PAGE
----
Josh Cinnamo More Motivated Than Ever In Paralympic Debut

by Lela Moore

When Josh Cinnamo, now 40, was little, he was afraid of being left behind.


Born without his right arm below the elbow, he feared his two older brothers and his friends would tie their shoes faster than he could, and have to wait on Josh. So he would challenge them to a race. Pretty soon, he was as good at shoe-tying with one arm as they were with two. 


As a Paralympic athlete, Cinnamo is no longer worried about being left behind. The reigning world champion in the shot put F46 took his world record of 16.80 meters into the Paralympic Games Tokyo 2020, the first Games of his career, and came home with a bronze medal. And nobody touched his world record either.


But Cinnamo put off competing as a Paralympian for years, feeling that doing so would be demeaning, and would cause people to pity him, just as he feared his brothers would pity him for not being able to tie his shoes.


“I’m not a competitive person in the sense that I need to beat everyone and everything,” he said. But his status as the youngest brother of three, he said, fostered a sense of competitiveness in him. “By nature, I’m going to be competitive.” 


Cinnamo competed alongside able-bodied athletes as a high school soccer player and college football player, and in track and field, which he initially got into because his brother was very involved as a runner. He threw the shot put and discus in high school, then threw the javelin and became a sprinter at Luther College in Iowa. He also threw the indoor shot put there, “to score us a few points,” he said.


“Competing is very important to me,” he said. “It means I’m equal to an able-bodied person, not just in athletics but in life.”


At 30, Cinnamo began doing CrossFit and was impressed by the level of athleticism he found in that world. He realized that he wanted to compete again. On a whim, he googled Paralympic sports. He participated in a 2014 Gateway to Gold event in Chicago, where he won the shot put as well as the discus and javelin. But he missed making the 2015 Parapan American Games team by one spot. 


“Everything good that has happened in my Para life started with a failure,” Cinnamo said. “It sparked a part of me that was determined to work harder and take advantage of every opportunity.” 


In the wake of his missing that team, Cinnamo vowed to become the strongest Paralympic athlete out there. He worked on transitioning his throwing style from a glide to a rotational style. He trained, and what he described as a “hectic and aggravating” two years turned into a world record of 15.98 meters at a 2017 Gateway to Gold event in Los Angeles.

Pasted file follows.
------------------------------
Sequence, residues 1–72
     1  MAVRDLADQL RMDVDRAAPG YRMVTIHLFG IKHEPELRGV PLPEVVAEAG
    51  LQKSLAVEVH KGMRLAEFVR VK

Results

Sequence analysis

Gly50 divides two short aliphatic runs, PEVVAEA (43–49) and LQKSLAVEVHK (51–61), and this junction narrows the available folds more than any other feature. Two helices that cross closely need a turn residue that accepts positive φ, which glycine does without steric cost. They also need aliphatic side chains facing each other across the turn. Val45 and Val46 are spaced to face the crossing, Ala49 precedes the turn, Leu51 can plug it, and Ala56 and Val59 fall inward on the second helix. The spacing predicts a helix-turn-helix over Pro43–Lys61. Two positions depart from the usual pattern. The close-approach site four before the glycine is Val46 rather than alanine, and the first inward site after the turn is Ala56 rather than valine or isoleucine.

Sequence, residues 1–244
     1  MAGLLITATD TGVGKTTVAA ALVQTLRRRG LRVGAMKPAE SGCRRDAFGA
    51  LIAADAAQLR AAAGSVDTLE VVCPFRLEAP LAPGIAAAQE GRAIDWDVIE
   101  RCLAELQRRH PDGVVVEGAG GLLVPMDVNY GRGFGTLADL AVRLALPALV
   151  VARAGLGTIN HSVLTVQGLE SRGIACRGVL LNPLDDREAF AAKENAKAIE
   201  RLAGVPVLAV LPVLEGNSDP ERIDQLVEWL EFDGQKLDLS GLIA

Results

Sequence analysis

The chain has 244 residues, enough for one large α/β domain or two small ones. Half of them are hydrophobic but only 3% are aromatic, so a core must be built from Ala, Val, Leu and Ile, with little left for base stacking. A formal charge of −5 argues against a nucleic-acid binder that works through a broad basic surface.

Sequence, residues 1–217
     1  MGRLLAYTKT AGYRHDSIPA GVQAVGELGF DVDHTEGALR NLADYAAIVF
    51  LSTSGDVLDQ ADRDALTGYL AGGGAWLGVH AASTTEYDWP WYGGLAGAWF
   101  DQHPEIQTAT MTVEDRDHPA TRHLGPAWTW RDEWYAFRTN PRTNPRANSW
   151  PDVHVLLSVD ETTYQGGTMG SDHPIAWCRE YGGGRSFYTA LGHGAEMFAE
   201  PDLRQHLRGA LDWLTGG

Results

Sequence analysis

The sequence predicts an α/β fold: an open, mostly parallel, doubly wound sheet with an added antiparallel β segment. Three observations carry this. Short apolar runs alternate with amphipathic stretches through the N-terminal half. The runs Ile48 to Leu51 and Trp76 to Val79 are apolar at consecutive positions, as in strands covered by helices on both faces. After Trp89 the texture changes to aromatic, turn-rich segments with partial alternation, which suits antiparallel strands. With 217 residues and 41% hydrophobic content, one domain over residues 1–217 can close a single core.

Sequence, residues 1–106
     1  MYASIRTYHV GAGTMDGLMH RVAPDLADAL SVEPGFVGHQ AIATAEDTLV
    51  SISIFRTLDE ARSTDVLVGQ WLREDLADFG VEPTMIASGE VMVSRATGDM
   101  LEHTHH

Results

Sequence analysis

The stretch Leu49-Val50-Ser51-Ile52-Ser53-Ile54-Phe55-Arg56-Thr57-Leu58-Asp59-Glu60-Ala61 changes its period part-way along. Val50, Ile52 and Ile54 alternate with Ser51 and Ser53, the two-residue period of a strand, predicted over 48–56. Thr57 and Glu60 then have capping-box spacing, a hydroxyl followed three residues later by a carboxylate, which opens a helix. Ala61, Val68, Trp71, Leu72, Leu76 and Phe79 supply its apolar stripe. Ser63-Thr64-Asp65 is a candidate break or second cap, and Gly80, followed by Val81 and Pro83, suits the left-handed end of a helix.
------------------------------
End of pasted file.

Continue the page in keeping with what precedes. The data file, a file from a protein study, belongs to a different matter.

Then he finished off the podium at the 2017 world championships in London. Spurred once again by a perceived failure, Cinnamo resumed training. He broke his own record at the 2019 Parapan Am Games in Lima with 16.49, then again at the 2019 world championships in Dubai. But he said that the 2017 throw was “more important” to him personally because it meant his work to succeed as an elite athlete had paid off. 


This year, the U.S. Paralympic Team Trials were in Cinnamo’s backyard, in Minneapolis. Cinnamo, however, made the team on a discretionary selection because he competed on a pulled groin muscle. He said he is thrilled to represent the U.S. in Tokyo regardless, but considers the trials a personal failure.


“If anything,” he said, “I’m more motivated than if I had thrown.” 


He said the diversity of the U.S. makes him proud of representing his country in Tokyo. “It’s really cool. Lately, we’ve had all these discussions around protests,” he said, citing Raven Saunders’ Olympics stand on the medal podium, with her arms crossed over her head. “Raven can say these things and talk to us about what she’s dealing with. What’s important for me to remember is that in the U.S., we represent all these types of thought. The U.S. offers people on different ends of the spectrum an opportunity for freedom.”


Cinnamo this year stepped back from his leadership role at Team Some Assembly Required, a nonprofit that began seven years ago as a way to offer Para athletes opportunities to compete at a high level. Because of their success, the organization shifted gears and now offers those athletes assistance in funding the equipment and training they require. Cinnamo remains on the board. 


Cinnamo and his wife, Kate, have two children: Tess and Tate. Both are involved in sports, Tate in baseball and Tess in softball and basketball, and Cinnamo says he likes that they see all that goes into elite-level competition from the ground up.


“I enjoy that my kids get to see me working,” he said. “I want them to see me grinding every day. It's a lot of work carrying this ball back and forth, rolling out, lifting weights. I equate work with success. I explain to them that it’s not always about success — you don’t know if you’ll win or lose, and if you lose, you still did all the work.”  

Lela Moore is a freelance contributor to on behalf of Red Line Editorial, Inc.